“SunForceOceanLife is about fire, the vital energy that enables life on this planet,” said artist Ernesto Neto. “Every time we complete one crocheted spiral with the polymer string used in this work, we burn both ends with fire in a gesture that evokes meditation, prayer, and other sacred rituals. I hope that the experience of this work will feel like a chant made in gratitude to the gigantic ball of fire we call the sun, a gesture of thanks for the energy, truth, and power that it shares with us as it touches our land, our oceans, and our life. SunForceOceanLife also unites the disciplines of art and culture with biology and cosmology; it directly engages the body as does a joyful dance or meditation, inviting us to relax, breathe, and uncouple our body from our conscious mind. The sensation of floating, the body cradled by the crocheted fruits of our labor, brings to mind a hammock: the quintessential indigenous invention that uplifts us and connects us to the wisdom and traditions of our ancestors.”
About the Artist
Ernesto Neto (born 1964) has produced an influential body of work that explores constructions of social space and the natural world by inviting physical interaction and sensory experience since the mid-1990s. Drawing from Biomorphism, Arte Povera, and Minimalist sculpture, along with Neo-Concretism and other Brazilian vanguard movements of the 1960s and 1970s, the artist both references and incorporates organic shapes and materials—spices, sand, and shells among them—that engage all five senses, producing a new type of sensory perception that renegotiates boundaries between artwork and viewer, the organic and manmade, the natural, spiritual, and social worlds. Born in Rio de Janeiro, the artist continues to live and work in Brazil.
Organization & Funding
This exhibition is organized by the Museum of Fine Arts, Houston.
Major support is provided by Leslie and Brad Bucher.
Additional generous funding is provided by the Vivian L. Smith Foundation.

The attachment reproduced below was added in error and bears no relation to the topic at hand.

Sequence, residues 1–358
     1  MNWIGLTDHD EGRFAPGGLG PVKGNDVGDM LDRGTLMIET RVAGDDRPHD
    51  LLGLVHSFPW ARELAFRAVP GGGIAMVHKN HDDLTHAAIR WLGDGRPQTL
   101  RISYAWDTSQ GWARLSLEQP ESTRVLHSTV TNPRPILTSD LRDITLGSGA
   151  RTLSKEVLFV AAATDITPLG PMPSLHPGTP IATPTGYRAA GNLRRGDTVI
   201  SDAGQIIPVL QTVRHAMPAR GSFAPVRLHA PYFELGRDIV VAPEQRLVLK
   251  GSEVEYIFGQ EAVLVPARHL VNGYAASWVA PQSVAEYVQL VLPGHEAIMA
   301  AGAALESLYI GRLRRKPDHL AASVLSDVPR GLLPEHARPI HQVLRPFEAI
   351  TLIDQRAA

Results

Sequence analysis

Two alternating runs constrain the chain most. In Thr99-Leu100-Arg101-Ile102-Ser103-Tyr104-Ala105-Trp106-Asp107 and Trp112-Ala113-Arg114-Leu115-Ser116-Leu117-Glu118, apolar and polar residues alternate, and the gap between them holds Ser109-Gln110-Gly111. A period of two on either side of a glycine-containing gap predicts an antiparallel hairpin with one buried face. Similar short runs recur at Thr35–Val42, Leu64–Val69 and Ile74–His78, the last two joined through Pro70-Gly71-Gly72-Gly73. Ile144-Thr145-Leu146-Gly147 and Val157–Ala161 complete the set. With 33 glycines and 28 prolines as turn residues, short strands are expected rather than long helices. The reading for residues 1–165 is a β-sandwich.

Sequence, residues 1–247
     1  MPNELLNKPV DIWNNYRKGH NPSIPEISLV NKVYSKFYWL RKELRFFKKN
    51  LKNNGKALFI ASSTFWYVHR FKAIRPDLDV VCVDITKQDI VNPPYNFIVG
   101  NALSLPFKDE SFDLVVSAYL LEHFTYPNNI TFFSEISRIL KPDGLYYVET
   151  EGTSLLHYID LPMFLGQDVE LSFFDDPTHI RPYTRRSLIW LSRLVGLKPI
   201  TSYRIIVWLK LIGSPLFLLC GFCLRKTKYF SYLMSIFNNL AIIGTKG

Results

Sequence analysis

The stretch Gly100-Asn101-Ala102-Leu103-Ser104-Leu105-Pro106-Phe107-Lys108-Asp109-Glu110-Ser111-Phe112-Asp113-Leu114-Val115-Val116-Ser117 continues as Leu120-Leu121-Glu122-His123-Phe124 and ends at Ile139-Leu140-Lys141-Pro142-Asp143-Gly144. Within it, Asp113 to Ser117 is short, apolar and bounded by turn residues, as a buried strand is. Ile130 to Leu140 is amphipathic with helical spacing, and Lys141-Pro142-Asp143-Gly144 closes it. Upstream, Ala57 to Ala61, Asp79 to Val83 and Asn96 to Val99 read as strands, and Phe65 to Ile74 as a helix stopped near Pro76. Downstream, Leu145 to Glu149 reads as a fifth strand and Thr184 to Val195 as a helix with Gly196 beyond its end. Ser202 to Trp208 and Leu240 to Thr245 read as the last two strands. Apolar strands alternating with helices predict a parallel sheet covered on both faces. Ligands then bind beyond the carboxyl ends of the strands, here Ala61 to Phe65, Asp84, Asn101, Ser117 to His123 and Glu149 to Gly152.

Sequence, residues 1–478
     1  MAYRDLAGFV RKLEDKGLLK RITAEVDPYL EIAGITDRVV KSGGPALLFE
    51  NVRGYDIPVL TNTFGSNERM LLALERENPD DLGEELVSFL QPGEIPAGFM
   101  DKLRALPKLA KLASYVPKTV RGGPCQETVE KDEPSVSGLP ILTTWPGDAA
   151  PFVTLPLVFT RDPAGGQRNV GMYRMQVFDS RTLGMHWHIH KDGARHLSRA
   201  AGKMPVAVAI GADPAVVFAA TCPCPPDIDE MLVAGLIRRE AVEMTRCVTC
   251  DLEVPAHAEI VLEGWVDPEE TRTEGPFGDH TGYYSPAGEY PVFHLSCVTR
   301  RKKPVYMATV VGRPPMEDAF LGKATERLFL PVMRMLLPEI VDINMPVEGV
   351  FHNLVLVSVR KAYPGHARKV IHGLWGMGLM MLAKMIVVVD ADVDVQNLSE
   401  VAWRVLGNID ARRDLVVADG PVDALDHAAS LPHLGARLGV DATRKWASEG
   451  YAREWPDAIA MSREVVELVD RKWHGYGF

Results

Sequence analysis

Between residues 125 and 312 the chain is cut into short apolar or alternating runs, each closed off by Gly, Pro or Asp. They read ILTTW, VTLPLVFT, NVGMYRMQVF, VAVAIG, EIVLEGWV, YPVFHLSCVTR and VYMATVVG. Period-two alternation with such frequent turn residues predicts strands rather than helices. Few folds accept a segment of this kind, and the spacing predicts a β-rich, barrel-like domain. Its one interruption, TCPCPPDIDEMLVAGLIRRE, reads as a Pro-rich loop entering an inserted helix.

About the Museum of Fine Arts, Houston
Established in 1900, the Museum of Fine Arts, Houston, is among the 10 largest art museums in the United States, with an encyclopedic collection of nearly 70,000 works dating from antiquity to the present. The Museum’s Susan and Fayez S. Sarofim main campus comprises the Audrey Jones Beck Building, designed by Rafael Moneo and opened in 2000; the Caroline Wiess Law Building, originally designed by William Ward Watkin, with extensions by Ludwig Mies van der Rohe completed in 1958 and 1974; the Lillie and Hugh Roy Cullen Sculpture Garden, designed by Isamu Noguchi and opened in 1986; the Glassell School of Art, designed by Steven Holl Architects and opened in 2018; The Brown Foundation, Inc. Plaza, designed by Deborah Nevins & Associates and opened in 2018; and the Nancy and Rich Kinder Building, also by Steven Holl Architects, opened in 2020. Additional spaces include a repertory cinema, two libraries, public archives, and facilities for conservation and storage. Nearby, two house museums—Bayou Bend Collection and Gardens, and Rienzi—present American and European decorative arts. The MFAH is also home to the International Center for the Arts of the Americas (ICAA), a leading research institute for 20th-century Latin American and Latino art. mfah.org